A Method for Comparitive Evaluation of Listening to Auditory Displays by Designers and Users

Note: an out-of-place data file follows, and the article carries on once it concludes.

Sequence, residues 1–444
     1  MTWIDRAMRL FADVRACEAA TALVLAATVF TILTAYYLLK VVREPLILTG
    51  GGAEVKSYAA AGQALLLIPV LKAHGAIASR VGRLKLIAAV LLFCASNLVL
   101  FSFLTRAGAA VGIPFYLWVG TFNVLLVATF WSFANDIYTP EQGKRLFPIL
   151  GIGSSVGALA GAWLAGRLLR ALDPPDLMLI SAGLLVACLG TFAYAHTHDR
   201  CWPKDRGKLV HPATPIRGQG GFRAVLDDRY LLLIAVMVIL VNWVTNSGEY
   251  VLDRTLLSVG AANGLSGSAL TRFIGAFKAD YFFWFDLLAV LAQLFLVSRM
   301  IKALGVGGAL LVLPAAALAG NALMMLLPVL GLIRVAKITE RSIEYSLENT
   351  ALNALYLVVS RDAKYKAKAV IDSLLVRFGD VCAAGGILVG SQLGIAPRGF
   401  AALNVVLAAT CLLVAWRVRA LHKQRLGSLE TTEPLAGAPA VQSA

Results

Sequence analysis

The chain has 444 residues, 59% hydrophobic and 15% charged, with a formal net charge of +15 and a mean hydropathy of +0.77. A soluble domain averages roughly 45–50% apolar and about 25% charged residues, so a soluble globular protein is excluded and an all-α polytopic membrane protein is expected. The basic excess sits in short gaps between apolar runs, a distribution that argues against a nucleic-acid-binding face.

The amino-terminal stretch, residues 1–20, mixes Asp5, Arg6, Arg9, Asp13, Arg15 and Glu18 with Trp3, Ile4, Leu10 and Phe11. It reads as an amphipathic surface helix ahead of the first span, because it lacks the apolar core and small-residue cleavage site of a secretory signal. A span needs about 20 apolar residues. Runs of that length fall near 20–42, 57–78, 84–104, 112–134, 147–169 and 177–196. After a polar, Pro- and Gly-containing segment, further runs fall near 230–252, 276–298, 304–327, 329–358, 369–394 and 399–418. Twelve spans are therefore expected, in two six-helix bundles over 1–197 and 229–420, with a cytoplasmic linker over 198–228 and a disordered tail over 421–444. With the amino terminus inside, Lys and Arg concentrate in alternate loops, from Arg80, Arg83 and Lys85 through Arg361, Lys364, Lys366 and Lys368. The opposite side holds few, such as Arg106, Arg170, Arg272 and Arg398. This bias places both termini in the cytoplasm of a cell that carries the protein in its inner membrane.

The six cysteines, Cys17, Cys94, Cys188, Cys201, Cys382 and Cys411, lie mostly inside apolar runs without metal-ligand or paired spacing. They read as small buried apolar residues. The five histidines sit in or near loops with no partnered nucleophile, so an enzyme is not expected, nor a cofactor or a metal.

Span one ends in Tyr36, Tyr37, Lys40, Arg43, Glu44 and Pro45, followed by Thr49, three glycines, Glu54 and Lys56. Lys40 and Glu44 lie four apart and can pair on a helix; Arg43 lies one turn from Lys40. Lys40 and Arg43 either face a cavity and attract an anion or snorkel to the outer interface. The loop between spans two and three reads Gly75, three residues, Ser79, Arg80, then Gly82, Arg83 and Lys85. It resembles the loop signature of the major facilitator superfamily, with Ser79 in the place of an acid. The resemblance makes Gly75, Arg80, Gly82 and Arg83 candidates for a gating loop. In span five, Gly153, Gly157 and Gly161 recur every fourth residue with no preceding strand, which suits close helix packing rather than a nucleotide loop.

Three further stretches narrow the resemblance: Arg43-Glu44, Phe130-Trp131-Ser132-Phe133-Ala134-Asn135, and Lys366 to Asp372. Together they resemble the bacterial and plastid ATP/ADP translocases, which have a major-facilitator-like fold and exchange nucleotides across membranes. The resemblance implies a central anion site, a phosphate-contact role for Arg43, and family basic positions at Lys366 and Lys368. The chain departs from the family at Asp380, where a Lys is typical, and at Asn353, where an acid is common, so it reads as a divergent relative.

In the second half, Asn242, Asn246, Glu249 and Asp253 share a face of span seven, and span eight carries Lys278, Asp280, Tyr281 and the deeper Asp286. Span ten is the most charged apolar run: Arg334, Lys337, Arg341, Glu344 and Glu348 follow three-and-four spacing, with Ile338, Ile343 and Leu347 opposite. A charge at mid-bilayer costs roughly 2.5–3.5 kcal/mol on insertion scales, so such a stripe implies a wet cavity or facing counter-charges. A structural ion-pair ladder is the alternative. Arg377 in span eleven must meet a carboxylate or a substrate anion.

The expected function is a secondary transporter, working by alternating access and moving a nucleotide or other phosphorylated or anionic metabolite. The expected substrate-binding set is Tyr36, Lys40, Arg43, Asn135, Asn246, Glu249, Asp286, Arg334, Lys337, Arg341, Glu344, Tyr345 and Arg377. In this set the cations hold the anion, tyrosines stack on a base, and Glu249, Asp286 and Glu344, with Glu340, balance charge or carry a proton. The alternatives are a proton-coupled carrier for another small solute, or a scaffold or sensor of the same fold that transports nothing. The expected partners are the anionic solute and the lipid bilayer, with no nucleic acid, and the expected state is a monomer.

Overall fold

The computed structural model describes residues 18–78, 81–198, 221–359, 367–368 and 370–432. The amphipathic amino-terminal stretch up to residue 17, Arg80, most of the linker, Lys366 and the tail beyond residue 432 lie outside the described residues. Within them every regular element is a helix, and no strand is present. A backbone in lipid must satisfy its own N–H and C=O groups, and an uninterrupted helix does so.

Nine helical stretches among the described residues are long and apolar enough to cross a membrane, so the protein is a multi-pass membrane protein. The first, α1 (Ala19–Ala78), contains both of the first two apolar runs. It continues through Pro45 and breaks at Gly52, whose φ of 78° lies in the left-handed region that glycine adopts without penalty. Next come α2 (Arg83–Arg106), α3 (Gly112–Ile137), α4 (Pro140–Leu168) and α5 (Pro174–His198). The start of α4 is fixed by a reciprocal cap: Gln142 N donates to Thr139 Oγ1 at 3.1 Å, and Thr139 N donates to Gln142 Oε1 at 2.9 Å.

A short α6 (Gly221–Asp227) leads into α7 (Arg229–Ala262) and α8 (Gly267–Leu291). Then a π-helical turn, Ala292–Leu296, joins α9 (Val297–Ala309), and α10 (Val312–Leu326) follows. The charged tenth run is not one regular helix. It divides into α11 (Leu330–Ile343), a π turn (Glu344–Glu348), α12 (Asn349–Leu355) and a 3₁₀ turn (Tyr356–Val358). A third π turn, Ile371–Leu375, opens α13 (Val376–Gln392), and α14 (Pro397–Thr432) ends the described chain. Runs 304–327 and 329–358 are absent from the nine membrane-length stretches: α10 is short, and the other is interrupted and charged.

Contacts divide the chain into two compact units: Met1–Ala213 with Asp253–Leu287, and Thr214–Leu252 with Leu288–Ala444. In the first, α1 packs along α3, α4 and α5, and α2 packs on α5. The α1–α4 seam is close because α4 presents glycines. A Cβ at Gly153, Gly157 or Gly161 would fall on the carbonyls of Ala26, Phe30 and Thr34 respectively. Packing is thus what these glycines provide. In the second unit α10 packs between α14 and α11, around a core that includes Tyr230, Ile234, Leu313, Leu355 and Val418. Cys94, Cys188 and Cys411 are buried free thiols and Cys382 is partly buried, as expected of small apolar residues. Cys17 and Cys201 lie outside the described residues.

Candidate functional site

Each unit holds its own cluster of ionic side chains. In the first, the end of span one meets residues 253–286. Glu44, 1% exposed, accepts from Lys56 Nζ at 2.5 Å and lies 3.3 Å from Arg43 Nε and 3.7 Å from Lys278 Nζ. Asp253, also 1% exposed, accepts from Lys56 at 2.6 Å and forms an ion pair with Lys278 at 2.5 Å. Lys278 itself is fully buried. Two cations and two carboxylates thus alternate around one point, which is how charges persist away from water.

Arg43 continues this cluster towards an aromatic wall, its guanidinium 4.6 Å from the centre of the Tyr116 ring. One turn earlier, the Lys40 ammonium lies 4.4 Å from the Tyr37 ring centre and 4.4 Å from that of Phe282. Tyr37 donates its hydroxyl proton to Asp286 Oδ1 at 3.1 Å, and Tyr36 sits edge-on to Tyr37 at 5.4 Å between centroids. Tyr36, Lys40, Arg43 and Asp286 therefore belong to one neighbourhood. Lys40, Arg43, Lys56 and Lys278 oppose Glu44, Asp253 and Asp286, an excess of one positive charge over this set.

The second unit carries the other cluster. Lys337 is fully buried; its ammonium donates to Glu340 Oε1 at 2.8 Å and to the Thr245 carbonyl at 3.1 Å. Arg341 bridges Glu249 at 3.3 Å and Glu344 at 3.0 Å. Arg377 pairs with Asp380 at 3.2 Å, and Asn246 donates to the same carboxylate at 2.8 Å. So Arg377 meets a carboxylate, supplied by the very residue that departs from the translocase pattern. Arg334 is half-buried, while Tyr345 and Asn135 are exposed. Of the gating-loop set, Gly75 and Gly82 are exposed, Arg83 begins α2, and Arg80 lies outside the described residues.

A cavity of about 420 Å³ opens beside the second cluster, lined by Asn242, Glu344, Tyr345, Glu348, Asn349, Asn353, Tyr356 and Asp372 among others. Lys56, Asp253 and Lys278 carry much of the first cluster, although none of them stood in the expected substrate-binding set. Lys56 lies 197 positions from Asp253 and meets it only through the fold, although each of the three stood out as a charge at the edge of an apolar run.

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The process of designing and testing auditory displays often includes evaluations only by experts, and where non-experts are involved, training is commonly required. This paper presents a method of evaluating sound designs that does not require listener training, thus promoting more ecological practices in auditory display design. Complex sound designs can be broken down into discrete sound events, which can then be rated using a set of sound attributes that are meaningful to both designers and listeners. The two examples discussed in this paper include an auditory display for a commercial vehicle, and a set of sound effects for a video game. Both are tested using a repertory grid approach. The paper shows that the method can highlight similarities and differences between designer and user listening experiences thus informing design decisions and subsequently reception.